Jerry Scott and Rick Kirkman are the creators and producers of the popular comic strip, Baby Blues. They have been writing it together since January 7, 1990, and it was picked up by King Features Syndicate in 1995.
Jerry, you work on Zits with Jim Borgman and Baby Blues with Rick Kirkman—that’s a lot of time with kids/adolescents. Do you ever go see rated R movies just because you can?
JS: You bet. But I cover my eyes at all the appropriate times.
What was the last really great movie you saw?
JS: Moneyball, Super 8, Rango, Hugo, The Help, Midnight in Paris… is that more than one?
RK: The latest would be Midnight in Paris. My list of recent ones would be about the same as Jerry’s, except I haven’t seen Rango, but I’d put Tangled up there. I have to say, I find more compelling work on TV these days than in movies.
Can you tell us a little about your creative collaboration with Rick? How did the two of you become partners?
JS: We met when we were both living in Phoenix in the mid-seventies (gasp!) and discovered a mutual interest in cartooning. Rick was doing magazine cartoons and taught me how to make submissions to magazines. Neither of us made much money at it, but we never got tired of it and just sort of naturally drifted toward comic strips. Creating and producing a syndicated comic strip is a lonely job, so we decided to do one together so we’d have somebody to talk to (and to blame whenever the strip wasn’t funny).
Baby Blues has been in syndication since 1990, yet the material is as funny as ever. How do you come up with so much new, funny stuff?
JS: We have agreed that one of us is to always have at least one funny kid in the house at all times.
RK: I finally had to draw the line with a twenty-something in the house, deal or no deal. Luckily, my niece just had a baby. But she’s NOT moving in with us.
You both have children—how influential are they in your work?
JS: They might classify themselves as victims, but influential is a nicer word. Rick’s kids were the models for early Baby Blues, then mine came online. It’s a great thing to be able to make every embarrassing moment, disaster and frustration in the house into a profit.
RK: Best of both worlds: you get to shamelessly exploit them while they’re young, and then hold it over them about how you supported them with it—that is, until they get smart and figure out that you actually owe them for all the material they provided.
If you couldn’t do this as a career, what would your second choice be?
JS: I’d be a painter. A ridiculously successful one, if possible.
RK: Rock star, if I was any good, which I’m not. Professional tennis player, if I was any good, but I’m not. So, that leaves writer…
What kind of material do you read in your spare time?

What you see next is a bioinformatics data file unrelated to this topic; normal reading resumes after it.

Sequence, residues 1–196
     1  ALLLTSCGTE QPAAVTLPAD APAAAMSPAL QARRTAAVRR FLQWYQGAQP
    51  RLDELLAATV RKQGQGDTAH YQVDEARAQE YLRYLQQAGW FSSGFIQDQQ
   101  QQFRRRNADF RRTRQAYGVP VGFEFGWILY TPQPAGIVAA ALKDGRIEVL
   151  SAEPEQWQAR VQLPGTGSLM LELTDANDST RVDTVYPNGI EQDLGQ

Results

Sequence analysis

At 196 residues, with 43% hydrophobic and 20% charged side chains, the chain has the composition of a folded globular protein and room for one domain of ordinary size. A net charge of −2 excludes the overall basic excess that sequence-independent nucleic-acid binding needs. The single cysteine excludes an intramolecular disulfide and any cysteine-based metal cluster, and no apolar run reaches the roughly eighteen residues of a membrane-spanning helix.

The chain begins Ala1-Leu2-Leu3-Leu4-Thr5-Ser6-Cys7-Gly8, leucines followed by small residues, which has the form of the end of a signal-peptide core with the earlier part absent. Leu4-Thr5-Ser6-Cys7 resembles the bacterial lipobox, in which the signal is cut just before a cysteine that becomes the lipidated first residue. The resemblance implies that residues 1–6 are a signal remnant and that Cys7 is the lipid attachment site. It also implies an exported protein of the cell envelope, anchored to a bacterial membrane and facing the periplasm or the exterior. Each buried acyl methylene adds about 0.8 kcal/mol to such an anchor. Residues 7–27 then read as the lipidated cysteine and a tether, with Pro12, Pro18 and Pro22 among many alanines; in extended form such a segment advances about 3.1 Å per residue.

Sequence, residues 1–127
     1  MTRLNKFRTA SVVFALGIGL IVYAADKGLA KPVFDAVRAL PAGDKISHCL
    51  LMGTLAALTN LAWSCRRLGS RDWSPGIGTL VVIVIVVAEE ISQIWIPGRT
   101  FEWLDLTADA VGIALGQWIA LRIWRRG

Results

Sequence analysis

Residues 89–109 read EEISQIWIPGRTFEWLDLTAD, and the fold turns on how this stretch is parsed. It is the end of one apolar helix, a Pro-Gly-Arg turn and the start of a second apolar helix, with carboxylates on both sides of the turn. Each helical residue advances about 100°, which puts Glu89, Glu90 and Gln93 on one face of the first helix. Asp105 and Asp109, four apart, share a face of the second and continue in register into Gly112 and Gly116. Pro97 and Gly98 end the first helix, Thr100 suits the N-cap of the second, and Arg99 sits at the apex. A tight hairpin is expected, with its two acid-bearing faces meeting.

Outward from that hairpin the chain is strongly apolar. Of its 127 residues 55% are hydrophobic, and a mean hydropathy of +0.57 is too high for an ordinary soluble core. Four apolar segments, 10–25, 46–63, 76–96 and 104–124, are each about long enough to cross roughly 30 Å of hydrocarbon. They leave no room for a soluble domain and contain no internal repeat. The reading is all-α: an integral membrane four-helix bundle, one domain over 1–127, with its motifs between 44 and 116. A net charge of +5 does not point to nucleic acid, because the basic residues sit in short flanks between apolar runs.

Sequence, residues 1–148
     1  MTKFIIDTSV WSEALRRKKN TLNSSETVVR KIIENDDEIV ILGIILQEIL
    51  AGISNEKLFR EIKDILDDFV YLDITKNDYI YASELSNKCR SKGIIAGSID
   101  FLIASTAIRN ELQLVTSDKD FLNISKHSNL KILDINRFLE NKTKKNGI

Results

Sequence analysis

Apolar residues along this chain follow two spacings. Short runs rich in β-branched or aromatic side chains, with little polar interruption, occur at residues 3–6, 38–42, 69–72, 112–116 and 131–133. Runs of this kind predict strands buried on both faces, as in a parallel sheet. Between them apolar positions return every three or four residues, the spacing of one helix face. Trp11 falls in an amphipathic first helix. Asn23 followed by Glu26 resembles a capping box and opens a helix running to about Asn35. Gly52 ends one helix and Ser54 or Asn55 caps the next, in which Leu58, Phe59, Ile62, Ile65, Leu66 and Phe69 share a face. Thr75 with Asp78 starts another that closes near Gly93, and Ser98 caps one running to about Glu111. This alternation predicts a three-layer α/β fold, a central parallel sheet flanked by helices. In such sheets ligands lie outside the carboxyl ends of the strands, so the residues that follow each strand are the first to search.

JS: I read a lot of fiction – all types. I’m a fan of John Irving, Donald Ray Pollock, Chuck Palahniuk, Michael Chabon and a lot more.
RK: Fiction as well—John Irving, Michael Chabon, Stephen King, among others. I like suspense-genre novels and the occasional non-fiction book. I also read magazines—including articles about Apple products—and newspaper articles.
Wanda is a stay-at-home mom, which can elicit opinions from both other stay-at-home moms and moms who work outside the home. Do you get a lot of feedback regarding this? Does it influence her character?
JS: I wouldn’t say that we get a lot of opinions about Wanda’s career choice, but it seems to me that it’s a pretty even mix between women who think stay-at-home momming is the ideal, and those women who believe that working outside the home is the way Wanda should go. That said, Baby Blues isn’t a comic strip run by committee. We let the characters do what they will do.
RK: I think there was more feedback about it in the beginning as Wanda struggled with her decision more. As time went on, that became less of an issue. It’s a personal dilemma, and every mom (and dad) deals with it her/his own way.
Are there any big happenings coming up for the MacPherson family?
JS: Nothing planned, but that’s the way life works most of the time, isn’t it? They’ll never see it coming.
We will be publishing a hardbound Twentieth Anniversary book this fall that’s a must-read for Baby Blues Fans. It’s called BBXX. Rick has been working on this book for quite a while, and it’s going to be awesome.
RK: There’s no master story arc, just the way it is in life. I like being surprised…unless it’s another child. There’s just no more room in the panels. We’d have to take over another strip’s space if that happened.
When you look back over your long, successful career, what would you consider to be your “lucky break”?
JS: There have been several. I would have to say that meeting Rick Kirkman at a time when I was trying to figure out what to do with my life professionally is a big one. After that, I think it’s been a matter of making my own luck through hard work and preparation.
RK: Ditto, meeting Jerry. Meeting my wife, because having a child that deprived my wife and me of sleep at just the right time was, believe it or not, a break. Our other child deprived us of sleep, too, but the timing wasn’t quite right.